Is quitting Facebook the new “Going off the Grid”? I finally decided to walk away but as I clicked button after button, I was asked if I want to deactivate or delete my account. Deleting my account would delete all the images and videos I’ve uploaded over the last 10+ years so I deactivated it instead, as I didn’t have time to save all my information at the time. I decided I’d go back in later to retrieve my stored memories. I hit the “deactivate” button, deleted the app from my phone, and took a deep breath.
It was like a break up or giving up a sugar addiction. I went through the contemplation process of what I’d miss, who I’d lose contact with, and I momentarily worried how this disconnect would effect me. I mean, everyone is on social media and those who aren’t are basically living off the grid, right? If it’s not posted on social media then it didn’t happen.
Although Facebook, and social media in general, have such great intent and purpose, I found myself mindlessly scrolling, posting images of someone or something I love to a network where barely any of those people connected with me on a personal level, and reposting silly memes all of which yielded no profit, no real connection, and no genuine satisfaction.
Social media feels like a limb, a part of me. Just like my cell phone. If you want to sell something, you go to your neighborhood Facebook page, if you want to be part of a paid group, you go to Facebook, and if you want to be seen or heard, you go to Facebook. I haven’t left Instagram yet but I am convinced that all forms of social media can be a time thief and a barrier to real, effective communication. Yes, I know that I’m in control of my time and managing it and that’s one reason why I may stay off for good.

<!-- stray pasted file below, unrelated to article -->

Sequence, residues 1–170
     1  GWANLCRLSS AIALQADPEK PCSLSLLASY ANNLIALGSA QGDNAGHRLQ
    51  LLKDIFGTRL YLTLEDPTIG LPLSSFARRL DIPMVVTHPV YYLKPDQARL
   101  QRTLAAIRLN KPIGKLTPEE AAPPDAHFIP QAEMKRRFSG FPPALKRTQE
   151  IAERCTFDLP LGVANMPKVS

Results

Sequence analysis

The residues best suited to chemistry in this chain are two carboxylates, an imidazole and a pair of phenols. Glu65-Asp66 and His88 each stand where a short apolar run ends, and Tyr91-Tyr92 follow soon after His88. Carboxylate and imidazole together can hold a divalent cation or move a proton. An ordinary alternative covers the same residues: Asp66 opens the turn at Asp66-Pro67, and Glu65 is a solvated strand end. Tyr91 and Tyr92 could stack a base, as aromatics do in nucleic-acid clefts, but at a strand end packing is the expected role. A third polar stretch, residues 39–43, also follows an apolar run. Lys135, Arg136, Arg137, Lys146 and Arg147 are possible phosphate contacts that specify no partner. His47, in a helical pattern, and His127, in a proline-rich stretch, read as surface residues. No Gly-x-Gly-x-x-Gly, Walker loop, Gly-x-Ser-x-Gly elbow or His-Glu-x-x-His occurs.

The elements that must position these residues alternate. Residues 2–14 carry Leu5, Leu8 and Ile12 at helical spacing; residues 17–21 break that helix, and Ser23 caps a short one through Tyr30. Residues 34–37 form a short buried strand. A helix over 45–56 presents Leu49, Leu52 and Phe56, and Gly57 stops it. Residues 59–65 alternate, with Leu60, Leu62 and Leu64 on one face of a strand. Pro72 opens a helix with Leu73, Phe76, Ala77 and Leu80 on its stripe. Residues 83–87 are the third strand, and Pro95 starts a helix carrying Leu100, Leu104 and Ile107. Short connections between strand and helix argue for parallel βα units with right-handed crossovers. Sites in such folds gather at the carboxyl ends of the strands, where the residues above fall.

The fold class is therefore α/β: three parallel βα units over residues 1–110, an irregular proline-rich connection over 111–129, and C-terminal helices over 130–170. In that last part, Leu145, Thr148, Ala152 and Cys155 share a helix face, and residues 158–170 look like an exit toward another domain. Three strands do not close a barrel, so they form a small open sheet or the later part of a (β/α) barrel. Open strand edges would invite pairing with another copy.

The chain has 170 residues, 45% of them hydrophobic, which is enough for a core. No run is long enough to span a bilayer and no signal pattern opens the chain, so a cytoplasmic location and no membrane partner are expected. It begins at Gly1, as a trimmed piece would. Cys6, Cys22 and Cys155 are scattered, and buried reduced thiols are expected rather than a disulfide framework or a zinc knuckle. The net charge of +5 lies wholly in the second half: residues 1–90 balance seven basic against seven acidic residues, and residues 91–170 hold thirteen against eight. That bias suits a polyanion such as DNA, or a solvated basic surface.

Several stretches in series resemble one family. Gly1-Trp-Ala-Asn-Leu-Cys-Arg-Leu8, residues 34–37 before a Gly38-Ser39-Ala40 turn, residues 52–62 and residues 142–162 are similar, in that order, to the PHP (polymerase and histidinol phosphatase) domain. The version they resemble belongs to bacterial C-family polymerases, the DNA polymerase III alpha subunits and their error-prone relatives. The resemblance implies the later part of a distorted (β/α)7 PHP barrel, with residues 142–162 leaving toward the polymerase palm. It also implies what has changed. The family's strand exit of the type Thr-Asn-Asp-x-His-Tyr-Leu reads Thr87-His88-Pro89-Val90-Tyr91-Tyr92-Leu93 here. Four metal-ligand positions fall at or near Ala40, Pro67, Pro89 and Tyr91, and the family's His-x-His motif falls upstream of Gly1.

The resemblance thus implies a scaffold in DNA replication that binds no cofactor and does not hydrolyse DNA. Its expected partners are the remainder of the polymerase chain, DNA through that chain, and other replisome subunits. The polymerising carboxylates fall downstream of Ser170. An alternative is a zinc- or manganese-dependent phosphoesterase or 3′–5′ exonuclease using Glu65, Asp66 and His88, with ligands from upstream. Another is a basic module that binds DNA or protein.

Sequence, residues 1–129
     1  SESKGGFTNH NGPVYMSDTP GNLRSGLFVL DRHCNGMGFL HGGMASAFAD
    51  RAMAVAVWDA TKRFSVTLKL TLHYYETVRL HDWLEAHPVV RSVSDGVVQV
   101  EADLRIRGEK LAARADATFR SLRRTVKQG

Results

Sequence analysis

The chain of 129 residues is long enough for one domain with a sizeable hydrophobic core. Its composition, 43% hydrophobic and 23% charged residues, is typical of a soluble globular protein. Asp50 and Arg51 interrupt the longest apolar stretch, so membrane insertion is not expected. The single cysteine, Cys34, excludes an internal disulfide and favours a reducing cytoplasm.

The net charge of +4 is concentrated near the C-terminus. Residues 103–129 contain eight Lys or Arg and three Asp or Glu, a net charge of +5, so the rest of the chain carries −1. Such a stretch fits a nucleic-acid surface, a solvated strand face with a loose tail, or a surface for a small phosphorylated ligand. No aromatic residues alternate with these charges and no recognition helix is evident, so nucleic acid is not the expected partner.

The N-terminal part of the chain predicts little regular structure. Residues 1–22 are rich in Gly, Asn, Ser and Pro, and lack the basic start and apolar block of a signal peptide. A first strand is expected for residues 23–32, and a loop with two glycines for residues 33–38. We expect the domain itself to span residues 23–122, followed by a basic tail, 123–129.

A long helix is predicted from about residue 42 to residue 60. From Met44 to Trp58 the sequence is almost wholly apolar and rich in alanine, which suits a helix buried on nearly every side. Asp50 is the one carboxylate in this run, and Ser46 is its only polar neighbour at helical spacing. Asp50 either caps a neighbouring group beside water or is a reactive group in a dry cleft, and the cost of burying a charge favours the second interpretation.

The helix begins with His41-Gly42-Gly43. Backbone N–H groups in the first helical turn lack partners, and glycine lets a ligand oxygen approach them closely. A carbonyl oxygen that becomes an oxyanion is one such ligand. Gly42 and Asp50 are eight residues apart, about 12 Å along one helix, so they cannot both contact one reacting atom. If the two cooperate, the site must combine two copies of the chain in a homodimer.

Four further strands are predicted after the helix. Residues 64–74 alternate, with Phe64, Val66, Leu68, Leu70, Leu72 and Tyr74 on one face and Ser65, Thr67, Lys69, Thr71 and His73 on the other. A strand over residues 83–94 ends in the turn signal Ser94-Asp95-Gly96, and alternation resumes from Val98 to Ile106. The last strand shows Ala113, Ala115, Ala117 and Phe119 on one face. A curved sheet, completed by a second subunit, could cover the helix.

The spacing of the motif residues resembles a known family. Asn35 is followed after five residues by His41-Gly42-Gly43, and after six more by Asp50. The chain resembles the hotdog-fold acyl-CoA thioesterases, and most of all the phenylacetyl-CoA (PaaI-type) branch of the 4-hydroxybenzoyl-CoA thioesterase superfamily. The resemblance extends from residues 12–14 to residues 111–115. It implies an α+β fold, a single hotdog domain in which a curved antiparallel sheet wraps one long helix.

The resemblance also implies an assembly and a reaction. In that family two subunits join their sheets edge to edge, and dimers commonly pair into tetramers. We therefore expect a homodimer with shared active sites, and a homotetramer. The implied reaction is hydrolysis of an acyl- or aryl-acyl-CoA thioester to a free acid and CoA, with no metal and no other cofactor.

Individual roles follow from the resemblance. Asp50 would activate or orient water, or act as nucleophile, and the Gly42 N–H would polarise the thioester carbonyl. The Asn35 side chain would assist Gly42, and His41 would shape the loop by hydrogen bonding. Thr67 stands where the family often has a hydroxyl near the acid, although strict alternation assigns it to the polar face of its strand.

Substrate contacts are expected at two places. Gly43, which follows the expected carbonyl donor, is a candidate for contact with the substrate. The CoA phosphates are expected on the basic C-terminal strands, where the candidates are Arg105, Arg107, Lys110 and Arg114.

Going off the grid is a term used to live without power in a very rural area but leaving social media feels a lot like it. It feels like you are losing connection to everyone but in reality it stoked a desire to reconnect to people again. Genuinely.
Do you want to know why I left Facebook and what happened since? 1) Three people text me to find out how I was and if my granddaughter was born 2) One friend text me and asked if I blocked her because they didn’t see me on Facebook anymore (of course I didn’t) and 3) I have gained back my precious time.
Last stream of consciousness that I’d like to share is this; the other day I wondered how I raised Madi as a single mom, active duty military member, part-time college student, and found time to commit to my health and fitness. The answer was; I didn’t have any distractions. I was not glued to my phone and social media wasn’t a thing. When I was with her, I was with her, not millions of other people through an app on my phone. I want to get that back-being in the present moment.
What are your thoughts on social media, Facebook specifically? Does it give you joy? Does it cause you to reconsider your health, wardrobe, family, and home? Lastly, would you be okay if you didn’t have it at all?